Pāngarau unleashed: A multiple case study of de-streaming secondary mathematics

Funding year: 
3 years
University of Canterbury
School sector
Project start date: 
March 2022
Project end date: 
March 2025
Principal investigator(s): 
Kay-Lee Jones, David Pomeroy, Nathan Riki and Sara Tolbert
Research team members: 
As above
Research partners: 
Te Whare Wānanga o Waitaha–University of Canterbury; Te Pā o Rākaihautū; Te Kura o Hine Waiora–Christchurch Girls’ High School; Onslow College; Mana College; Te Tāhuhu o te Mātauranga–Ministry of Education; Tokona te Raki–Māori Futures Collective

Intro / Project description

Many secondary schools in Aotearoa currently ‘stream’ mathematics, despite evidence that streaming exacerbates achievement inequalities and harms self-confidence. The need to ‘de- stream’ mathematics is clear and widely endorsed. However, the transition to mixed ‘ability’ mathematics is challenging and complex, involving changes in pedagogy, assessment, leadership, and community relationships. This project will use a bi-cultural teacher-researcher-student partnership model, grounded in the principles of ako and whanaungatanga, to provide four contrasting case studies of non-streamed secondary mathematics. In doing so, it will illustrate diverse ways to initiate and sustain effective transitions to non-streamed mathematics. 


The broad aim of Pāngarau Unleased is to support a movement towards effective non-streamed practices in secondary mathematics. We define ‘effective’ practice as 1) improving mathematics learning, across the prior achievement spectrum; 2) supporting Māori to succeed in mathematics as Māori; 3) not increasing teachers’ workloads in the long term; 4) having credibility in the eyes of the wider school community. Our more specific aims are:
• To support our four school and pā wānanga partners to further enhance their non-streamed mathematics teaching practices
• To produce case studies of non-streamed practices, that other schools can learn from
• To better understand culturally empowering teaching practices in pāngarau mathematics
• To support school leaders in the management of effective de-streaming transitions
• To attend to and amplify  rangatahi and whānau experiences of streamed and non-streamed mathematics
• To evaluate our own collaborative model of supporting change

Why is this research important?

It is now clearly established that streaming has a lifelong impact on young people’s pathways through education and work, and how they perceive their own capabilities. These impacts can be negative for students at any level of achievement, including high stream students, however the most consistently negative impacts are experienced by students in low streams. Such students are disproportionately from Māori, Pasifika, and low socio-economic status backgrounds. This research is important because it is forward-looking, harnessing a wide range of experience and expertise to tell the story of how secondary mathematics could better support all young people to learn to their potential.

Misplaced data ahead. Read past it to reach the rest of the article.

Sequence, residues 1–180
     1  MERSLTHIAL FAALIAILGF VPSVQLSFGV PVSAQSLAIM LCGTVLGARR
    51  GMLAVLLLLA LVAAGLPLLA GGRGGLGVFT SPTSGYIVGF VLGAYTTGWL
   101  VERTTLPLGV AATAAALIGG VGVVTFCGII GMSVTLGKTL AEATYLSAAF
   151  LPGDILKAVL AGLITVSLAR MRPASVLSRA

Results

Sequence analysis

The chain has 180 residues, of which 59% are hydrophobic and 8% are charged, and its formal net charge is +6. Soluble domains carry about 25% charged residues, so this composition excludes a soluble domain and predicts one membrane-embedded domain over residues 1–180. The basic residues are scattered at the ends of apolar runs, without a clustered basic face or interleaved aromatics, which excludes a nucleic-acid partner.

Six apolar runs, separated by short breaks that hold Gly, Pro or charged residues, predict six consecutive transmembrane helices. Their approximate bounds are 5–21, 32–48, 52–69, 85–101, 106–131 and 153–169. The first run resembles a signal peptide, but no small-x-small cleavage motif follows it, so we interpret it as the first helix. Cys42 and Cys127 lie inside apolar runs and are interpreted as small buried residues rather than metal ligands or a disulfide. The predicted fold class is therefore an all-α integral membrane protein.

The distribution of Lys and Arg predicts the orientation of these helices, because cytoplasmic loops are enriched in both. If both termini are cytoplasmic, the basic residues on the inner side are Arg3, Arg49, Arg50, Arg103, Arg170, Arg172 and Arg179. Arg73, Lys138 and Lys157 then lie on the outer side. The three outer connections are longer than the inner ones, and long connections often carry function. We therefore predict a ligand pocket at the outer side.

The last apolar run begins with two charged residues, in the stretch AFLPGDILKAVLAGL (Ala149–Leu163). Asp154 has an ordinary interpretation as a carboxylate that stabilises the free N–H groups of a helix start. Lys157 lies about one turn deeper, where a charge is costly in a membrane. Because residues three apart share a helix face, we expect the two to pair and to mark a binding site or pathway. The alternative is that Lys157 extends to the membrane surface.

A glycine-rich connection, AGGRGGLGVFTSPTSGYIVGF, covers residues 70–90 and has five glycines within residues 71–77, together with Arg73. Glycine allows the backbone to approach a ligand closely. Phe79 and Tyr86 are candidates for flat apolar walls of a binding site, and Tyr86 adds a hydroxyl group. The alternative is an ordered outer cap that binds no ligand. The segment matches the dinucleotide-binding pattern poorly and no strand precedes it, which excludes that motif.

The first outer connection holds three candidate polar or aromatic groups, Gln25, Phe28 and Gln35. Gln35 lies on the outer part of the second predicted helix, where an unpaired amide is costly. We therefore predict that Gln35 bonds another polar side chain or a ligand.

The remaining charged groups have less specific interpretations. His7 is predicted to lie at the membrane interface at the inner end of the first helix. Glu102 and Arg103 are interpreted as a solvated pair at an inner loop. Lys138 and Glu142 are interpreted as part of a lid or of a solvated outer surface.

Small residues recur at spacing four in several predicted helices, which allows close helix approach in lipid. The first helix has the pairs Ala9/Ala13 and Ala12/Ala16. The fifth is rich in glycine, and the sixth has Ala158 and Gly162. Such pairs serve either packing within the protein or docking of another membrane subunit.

What we plan to do

We will tell the stories of three schools and one pā wānanga that teach mathematics without streaming, through the voices of rangatahi (students), kaiako (teachers), whānau, and iwi. We will describe and critically evaluate the reasons behind their practices, the barriers and enablers that they encountered as they removed streaming, and the role of our collaboration in supporting their non-streamed practices. Our research methods include:
• Termly partner hui, to explore practices, successes, and challenges
• Mutual observations by teachers, in their own and other settings
• Classroom observations by researchers, to document non-streamed practices in detail
• Rangatahi co-researchers, to give students ownership of their own stories
• Interviews with kaiako and tumuaki, to learn more about their practices, successes, and challenges
• Focus groups with whānau, to learn from their insights regarding streaming and non-streaming, and what they hope school mathematics will provide for their rangatahi
• Analysis of mathematics achievement data and participation rates in optional senior courses to evaluate key learning outcomes in non-streamed settings.
At the heart of our approach to this project is mana ōrite, or actively working against prevailing power imbalances through warm and respectful relationships. This approach will be present in the way we share our learning, for example by maintaining ongoing dialogue with iwi and policy makers throughout the project, and by including our school-based partners as co-presenters and co-researchers.

Contact details

Name: David Pomeroy

david.pomeroy@canterbury.ac.nz 03-3693017